Winery stories are rarely straightforward. They twist and weave as the winery develops a character and persona all its own.
And so it is with Carrick. Barbara and Steve Green planted a rabbit infested block of land on the shores of the yet to be filled Lake Dunstan in 1994. Their knowledge was academic, with some practical experience as enthusiastic consumers. They loved Pinot Noir and were impressed with the efforts of pioneers Alan Brady and Rolf Mills in the early 1990s.
From that time they watched and guided the vineyard, and then the winery, through the early days of sustainable grapegrowing, sustainable winemaking and, in 2008, organic production and three years later, full organic certification.
Each vintage there has been some refinement and change. A development of Chardonnay in the cool climate style. Rieslings - there are now 3 - with individual characters expressing fruit, racy acidity, and varying levels of sweetness. Pinot Gris and Sauvignon Blanc with barrel fermentation adding texture and complexity. And, of course, Pinot Noir in styles that range from readily approachable to those demanding to be cellared.
A Sense of Place
Carrick has always been about place. The name derives from the gold mining town and the mountain range to which Carrick looks. The wines are of Central Otago and its subregion, Bannockburn. Carrick's own vineyards are nestled around the winery and every effort is made to allow the wines to express their place and their providence.
Bannockburn sits at the southern end of the Cromwell Basin which was formed as a result of glacial action over millions of years. The prevailing northerly winds have deposited a thick layer of this glacial loess over the shattered rock at Carrick. While our vines work hard in this environment we give them all the support we can with our microbes and our compost.
We see the type of soils we have as a real benefit. Grape vines may struggle, but the intense flavours from low yielding vines reward us well.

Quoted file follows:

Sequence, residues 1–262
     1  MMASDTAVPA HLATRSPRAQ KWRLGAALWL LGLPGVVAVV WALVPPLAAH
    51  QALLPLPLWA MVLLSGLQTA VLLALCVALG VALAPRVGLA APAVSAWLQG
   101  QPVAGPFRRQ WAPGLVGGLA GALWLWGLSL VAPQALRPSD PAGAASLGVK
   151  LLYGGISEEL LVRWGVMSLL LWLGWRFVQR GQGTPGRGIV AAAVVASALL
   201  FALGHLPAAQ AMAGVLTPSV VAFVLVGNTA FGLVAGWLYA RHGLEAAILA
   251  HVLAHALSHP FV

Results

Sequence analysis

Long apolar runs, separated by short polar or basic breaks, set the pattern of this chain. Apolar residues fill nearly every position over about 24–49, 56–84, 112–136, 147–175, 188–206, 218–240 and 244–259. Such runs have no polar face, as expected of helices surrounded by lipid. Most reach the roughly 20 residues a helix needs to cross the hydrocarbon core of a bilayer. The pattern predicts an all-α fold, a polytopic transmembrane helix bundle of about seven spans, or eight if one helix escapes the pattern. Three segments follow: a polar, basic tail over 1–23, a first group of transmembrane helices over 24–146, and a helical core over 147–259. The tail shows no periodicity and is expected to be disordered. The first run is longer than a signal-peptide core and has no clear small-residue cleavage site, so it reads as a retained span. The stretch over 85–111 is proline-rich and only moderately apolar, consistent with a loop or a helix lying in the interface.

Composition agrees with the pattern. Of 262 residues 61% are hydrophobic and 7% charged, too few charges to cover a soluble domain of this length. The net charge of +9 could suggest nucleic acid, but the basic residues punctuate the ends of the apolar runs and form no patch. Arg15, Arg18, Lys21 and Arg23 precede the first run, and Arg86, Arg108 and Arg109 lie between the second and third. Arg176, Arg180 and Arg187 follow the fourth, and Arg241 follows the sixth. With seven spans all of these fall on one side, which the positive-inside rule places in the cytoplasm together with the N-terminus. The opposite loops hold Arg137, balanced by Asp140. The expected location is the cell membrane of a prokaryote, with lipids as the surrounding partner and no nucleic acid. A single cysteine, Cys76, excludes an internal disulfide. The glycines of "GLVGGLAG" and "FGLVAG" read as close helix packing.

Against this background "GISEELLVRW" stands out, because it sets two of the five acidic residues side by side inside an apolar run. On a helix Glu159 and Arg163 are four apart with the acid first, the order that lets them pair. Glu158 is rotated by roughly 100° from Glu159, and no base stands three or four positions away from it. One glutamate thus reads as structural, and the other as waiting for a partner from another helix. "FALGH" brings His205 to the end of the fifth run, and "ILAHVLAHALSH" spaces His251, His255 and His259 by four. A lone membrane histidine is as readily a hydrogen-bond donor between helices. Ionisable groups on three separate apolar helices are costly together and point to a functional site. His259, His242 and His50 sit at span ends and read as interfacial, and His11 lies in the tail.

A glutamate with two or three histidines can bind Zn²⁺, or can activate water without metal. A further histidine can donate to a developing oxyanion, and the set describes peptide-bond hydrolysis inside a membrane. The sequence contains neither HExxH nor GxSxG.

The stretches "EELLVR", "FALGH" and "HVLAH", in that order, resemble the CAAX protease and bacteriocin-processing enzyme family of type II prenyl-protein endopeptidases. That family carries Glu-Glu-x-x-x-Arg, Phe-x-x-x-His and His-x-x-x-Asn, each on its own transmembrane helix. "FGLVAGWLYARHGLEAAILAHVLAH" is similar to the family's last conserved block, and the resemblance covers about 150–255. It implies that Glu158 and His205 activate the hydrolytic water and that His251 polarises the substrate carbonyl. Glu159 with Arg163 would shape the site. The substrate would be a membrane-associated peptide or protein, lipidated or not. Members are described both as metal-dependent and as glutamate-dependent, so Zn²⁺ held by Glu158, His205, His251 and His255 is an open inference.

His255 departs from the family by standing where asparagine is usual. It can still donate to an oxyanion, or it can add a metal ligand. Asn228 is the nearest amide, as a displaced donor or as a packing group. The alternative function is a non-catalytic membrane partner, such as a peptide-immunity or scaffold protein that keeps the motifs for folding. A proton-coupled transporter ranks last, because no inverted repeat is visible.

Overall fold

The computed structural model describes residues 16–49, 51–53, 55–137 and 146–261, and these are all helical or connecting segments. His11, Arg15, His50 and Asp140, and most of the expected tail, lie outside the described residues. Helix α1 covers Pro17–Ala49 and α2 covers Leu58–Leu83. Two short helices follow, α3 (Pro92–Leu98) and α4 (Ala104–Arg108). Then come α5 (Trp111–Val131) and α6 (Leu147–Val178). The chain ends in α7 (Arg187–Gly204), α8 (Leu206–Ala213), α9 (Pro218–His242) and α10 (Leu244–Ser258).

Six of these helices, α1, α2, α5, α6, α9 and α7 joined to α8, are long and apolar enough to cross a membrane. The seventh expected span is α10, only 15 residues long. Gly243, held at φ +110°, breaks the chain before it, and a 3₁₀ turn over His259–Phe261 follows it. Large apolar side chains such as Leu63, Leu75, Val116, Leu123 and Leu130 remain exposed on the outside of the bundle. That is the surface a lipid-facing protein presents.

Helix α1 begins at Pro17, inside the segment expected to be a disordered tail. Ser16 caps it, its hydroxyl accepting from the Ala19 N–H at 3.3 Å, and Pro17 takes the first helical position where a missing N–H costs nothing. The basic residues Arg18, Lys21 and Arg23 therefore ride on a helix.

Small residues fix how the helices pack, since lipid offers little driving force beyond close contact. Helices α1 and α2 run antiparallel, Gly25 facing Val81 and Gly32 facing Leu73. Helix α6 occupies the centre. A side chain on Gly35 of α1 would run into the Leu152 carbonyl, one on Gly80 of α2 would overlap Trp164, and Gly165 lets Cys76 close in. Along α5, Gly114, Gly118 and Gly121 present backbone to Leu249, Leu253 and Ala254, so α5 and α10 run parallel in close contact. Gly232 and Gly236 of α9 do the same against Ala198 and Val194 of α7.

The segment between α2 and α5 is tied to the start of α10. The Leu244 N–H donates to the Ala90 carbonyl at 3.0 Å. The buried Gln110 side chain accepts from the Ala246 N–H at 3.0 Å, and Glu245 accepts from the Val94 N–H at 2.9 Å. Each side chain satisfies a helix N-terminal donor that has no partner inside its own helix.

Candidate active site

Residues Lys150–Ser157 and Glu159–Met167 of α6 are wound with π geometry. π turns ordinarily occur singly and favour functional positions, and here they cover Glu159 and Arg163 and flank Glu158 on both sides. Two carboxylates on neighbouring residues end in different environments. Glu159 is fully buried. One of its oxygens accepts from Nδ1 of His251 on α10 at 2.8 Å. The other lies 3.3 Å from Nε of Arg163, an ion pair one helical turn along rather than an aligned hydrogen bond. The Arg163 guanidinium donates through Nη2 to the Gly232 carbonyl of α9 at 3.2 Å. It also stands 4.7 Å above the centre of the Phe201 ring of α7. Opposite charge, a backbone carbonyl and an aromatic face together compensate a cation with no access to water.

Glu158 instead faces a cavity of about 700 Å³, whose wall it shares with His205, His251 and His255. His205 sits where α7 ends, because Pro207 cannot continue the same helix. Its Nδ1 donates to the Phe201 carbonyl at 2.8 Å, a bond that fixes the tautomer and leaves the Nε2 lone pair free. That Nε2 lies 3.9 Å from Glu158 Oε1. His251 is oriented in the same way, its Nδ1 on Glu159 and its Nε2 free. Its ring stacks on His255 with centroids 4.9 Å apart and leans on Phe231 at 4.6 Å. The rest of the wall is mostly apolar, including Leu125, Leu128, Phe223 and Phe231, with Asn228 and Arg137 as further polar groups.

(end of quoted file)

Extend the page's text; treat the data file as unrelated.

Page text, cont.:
Its a cliche to say wines are made in the vineyard, but they often are. We believe that the quality of our fruit is the key determinant in the quality of the wine. Hence, we work hard to make the vineyard all it can be. Organic practices may make us more exposed to the traditional problems with disease and pests but they also make us more aware of the mood of the vineyard and what it needs from us. Blair and his team work hard to ensure that they know exactly what needs to be done and respond accordingly. And because many of our practices are by hand - pruning, shoot thinning, leave thinning and harvesting - we are never remote from it. We share the vineyard with a small mob of sheep, and our resident chickens.
We place importance on having our own winery, right in the vineyards. We can make harvesting decisions based on what is best for the wine rather than some remotely developed roster. This flexibility also allows us to process our grapes in the best possible way, gently and, of course, organically.
In Francis' view the grapes guide the wine. So our wines not only express place, but also season. There is no formula, no set winemaking style, and the individuality of the wines is our reward.
The Carrick Bend, a nautical knot, is the symbol that embodies the Carrick philoshophy of grape growing and wine making. The tying of the knot signifies the bringing together of our viticulture, our winemaking and “our place” which includes Carrick vineyards with the historic and geographic icons of the neighbourhood - the Carrick mountain range, the Carrick Riding and the Carrick Goldfields.